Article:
Shift to Hybrid Work: Reduce Context Switching

In this third segment of a five-part podcast series on leading a hybrid-first work environment, Nutanix CIO Wendy M. Pfeiffer explains how to reduce context switching in order to keep employee engagement and productivity high in hybrid work environments.

By Jason Lopez

By Jason Lopez November 23, 2022

The idea of context switching has meaning for computers and humans. With computing, it generally means stopping a process and starting another one. Machines can be designed to handle these abrupt changes. But when people switch from one task to another unrelated task, it can have jarring, disruptive effects, resulting in wasted time, mistakes and stress.

“You can’t just throw a bunch of varied tasks and environments at everybody and expect productivity to remain high,” said Wendy Pfeiffer, CIO at Nutanix. “The brain isn’t made to function like that.” 

In a report titled The Cost of Interrupted Work: More Speed and Stress, researchers from the University of Irvine, California and Humbolt University of Berlin, Germany found that it takes over 20 minutes to regain focus after a distraction. That’s because different parts of the brain are activated every time someone switches between tasks. 

People who regularly context switch can experience 40% lower productivity compared to people who maintain a focused workflow, eliminating an estimated $450 billion from the global economy each year, according to a post in The Transcript.

Pfeiffer believes the way to reduce the effects of context switching: setting up employees to succeed using the right mix of technologies, processes and methodologies.

In this third of a five-part Tech Barometer podcast series on hybrid work, Pfeiffer talks about what her IT team is doing to help reduce context switching for Nutanix workers.

One app her team uses is a chatbot that allows workers to communicate in their own languages. Nutanix is located in 16 countries. But its employees actually work in 61 different countries. A Nutanix worker in Spain, for example, working in Spanish with Spanish customers experiences the friction of having to translate. 

“A huge context switch for that employee,” she said, “is to have to switch to English in order to do the work necessary, to say, create the quote.”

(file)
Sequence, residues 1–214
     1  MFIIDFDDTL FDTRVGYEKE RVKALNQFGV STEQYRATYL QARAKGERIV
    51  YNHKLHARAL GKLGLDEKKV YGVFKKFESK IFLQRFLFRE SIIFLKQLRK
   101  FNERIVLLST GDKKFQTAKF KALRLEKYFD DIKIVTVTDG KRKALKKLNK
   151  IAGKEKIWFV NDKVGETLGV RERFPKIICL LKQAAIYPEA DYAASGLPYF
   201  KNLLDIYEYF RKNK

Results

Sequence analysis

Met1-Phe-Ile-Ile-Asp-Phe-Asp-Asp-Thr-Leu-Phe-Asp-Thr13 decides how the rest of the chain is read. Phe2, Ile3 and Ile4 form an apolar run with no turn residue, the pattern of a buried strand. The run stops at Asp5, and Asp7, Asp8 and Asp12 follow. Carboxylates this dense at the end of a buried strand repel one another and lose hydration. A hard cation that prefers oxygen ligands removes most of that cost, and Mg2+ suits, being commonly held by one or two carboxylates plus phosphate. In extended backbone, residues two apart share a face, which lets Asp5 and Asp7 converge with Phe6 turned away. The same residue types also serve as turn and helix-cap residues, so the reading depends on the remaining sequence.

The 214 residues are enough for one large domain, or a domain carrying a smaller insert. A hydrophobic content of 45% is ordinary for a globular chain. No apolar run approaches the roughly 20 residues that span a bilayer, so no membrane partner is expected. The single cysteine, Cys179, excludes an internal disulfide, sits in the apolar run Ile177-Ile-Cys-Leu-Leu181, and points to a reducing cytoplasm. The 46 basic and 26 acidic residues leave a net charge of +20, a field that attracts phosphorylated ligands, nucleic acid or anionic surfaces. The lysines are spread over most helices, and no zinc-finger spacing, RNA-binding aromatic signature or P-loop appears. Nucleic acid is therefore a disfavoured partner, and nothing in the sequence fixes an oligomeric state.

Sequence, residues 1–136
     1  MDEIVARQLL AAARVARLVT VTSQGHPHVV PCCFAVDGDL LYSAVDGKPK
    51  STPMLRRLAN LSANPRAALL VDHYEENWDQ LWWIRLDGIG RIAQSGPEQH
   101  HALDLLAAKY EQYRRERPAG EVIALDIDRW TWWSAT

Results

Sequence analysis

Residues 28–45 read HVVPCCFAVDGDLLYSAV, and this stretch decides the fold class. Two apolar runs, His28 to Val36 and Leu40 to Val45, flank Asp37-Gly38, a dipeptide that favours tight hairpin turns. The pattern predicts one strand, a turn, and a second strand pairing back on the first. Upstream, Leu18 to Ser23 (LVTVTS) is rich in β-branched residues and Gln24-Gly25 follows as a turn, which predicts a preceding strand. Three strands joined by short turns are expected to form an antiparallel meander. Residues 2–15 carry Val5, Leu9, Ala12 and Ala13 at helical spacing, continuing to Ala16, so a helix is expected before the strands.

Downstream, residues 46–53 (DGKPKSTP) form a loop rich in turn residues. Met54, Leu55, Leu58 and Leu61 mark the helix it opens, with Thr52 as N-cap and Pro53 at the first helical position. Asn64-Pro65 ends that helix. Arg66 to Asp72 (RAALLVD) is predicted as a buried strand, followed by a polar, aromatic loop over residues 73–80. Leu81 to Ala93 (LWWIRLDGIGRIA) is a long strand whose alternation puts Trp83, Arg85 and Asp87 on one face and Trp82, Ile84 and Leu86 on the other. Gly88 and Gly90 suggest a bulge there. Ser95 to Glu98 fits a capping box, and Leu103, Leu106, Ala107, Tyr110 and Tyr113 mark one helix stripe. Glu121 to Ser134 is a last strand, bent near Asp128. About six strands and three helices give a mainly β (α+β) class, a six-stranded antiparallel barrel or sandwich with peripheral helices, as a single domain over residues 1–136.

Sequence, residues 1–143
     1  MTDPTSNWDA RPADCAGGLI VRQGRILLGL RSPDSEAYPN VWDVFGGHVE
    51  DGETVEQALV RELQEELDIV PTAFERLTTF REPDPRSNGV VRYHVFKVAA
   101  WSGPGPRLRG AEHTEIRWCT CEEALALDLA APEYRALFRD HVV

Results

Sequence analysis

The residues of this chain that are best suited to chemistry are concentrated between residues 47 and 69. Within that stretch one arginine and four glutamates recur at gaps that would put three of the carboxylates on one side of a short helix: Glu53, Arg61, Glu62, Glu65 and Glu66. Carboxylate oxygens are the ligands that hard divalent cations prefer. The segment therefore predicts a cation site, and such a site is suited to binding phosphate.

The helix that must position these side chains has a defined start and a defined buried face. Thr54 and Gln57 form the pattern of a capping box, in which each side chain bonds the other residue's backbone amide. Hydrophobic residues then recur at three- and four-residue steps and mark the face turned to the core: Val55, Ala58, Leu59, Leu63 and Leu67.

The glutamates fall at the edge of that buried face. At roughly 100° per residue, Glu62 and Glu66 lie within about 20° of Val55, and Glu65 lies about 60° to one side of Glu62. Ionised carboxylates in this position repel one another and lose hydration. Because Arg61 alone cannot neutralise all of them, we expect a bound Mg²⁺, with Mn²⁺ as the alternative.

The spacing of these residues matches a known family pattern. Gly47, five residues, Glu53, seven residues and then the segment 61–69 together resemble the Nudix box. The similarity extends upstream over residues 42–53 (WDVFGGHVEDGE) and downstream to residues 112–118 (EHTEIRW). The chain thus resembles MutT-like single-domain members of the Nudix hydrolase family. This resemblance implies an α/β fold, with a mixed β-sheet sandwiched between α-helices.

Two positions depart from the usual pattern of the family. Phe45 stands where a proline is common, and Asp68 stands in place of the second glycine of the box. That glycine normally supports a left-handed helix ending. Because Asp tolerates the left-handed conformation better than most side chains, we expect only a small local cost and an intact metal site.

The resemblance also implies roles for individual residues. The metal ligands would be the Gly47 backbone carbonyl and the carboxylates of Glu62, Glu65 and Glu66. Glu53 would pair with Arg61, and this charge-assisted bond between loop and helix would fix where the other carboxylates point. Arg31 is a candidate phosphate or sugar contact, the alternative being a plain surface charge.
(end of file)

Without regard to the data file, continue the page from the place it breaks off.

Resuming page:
The Shift to Hybrid Work series includes:

Transcript (unedited):

Wendy Pfeiffer: Context switching is actually the least productive human activity. Some people struggle with stress and anxiety because they're not good at context switching.

Jason Lopez: Wendy Pfeiffer is the CIO of Nutanix. This is one of five podcasts about Nutanix IT’s transition to hybrid work.

Wendy Pfeiffer: When we think about hybrid work, it's all about the human being. Switching from context to context.

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Jason Lopez: It would be easy enough to call it “change.” But there’s more to it than that. Context switching is the phenomenon of moving from one unrelated or unfamiliar environment or task to another. New parents starting a family, that’s a big context switch. Or what about schooling, when we go from elementary school sitting in one classroom all day, but as we get older we have take individual classes in different rooms. And so recently, over the past couple of years, the pandemic pushed a context switch on many workers.

Wendy Pfeiffer: When I'm at home in my home office, I sit in a particular kind of chair. I have a particular kind of lighting. My laptop computer is connected to a network that's coming to me over public internet. In the physical office at work I go to a cubicle, it's a different desk set up.

Jason Lopez: It’s estimated that only a very small portion of the population thrive on context switching, less than 5 percent. Most people experience mental, emotional and even physical stress.

Wendy Pfeiffer: It happens a hundred percent of the time. Even when I go from zoom meeting to zoom meeting, when I am simultaneously reading Slack messages at the same time that I'm having a conversation with you, there's a part of my brain that needs overhead energy in order to do that. And the more uncomfortable that is, the longer it takes us to change the mindset to sort of allow some of that stress to recede.

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The nature of the universe has changed for them. A couple of decades ago digital natives were born, and they grew up with the internet. And now they’re here in the workplace. They have been acculturated in the multi-verse. It's natural for them. How do I make the workplace show up that way for those workers and enable productivity for my multi-generational workforce in the context of the workplace and how do I do things I can do? I have two things that I'm focused on this year to reduce context switching. The first is that I'm anchoring the workspace for all of our employees. We now have a standard laptop build and setup. And if you are switching from being in your home office to being in a physical office, a hub office, or to being on the road with your laptop, our goal is for it to function exactly the same way for me to be able to connect to the docking station the same way to join the network automatically without having to do some uncomfortable different thing for my applications to show up the same way and the same context whether I'm on my mobile phone or I'm on the customer's network for the VPN to work the same way.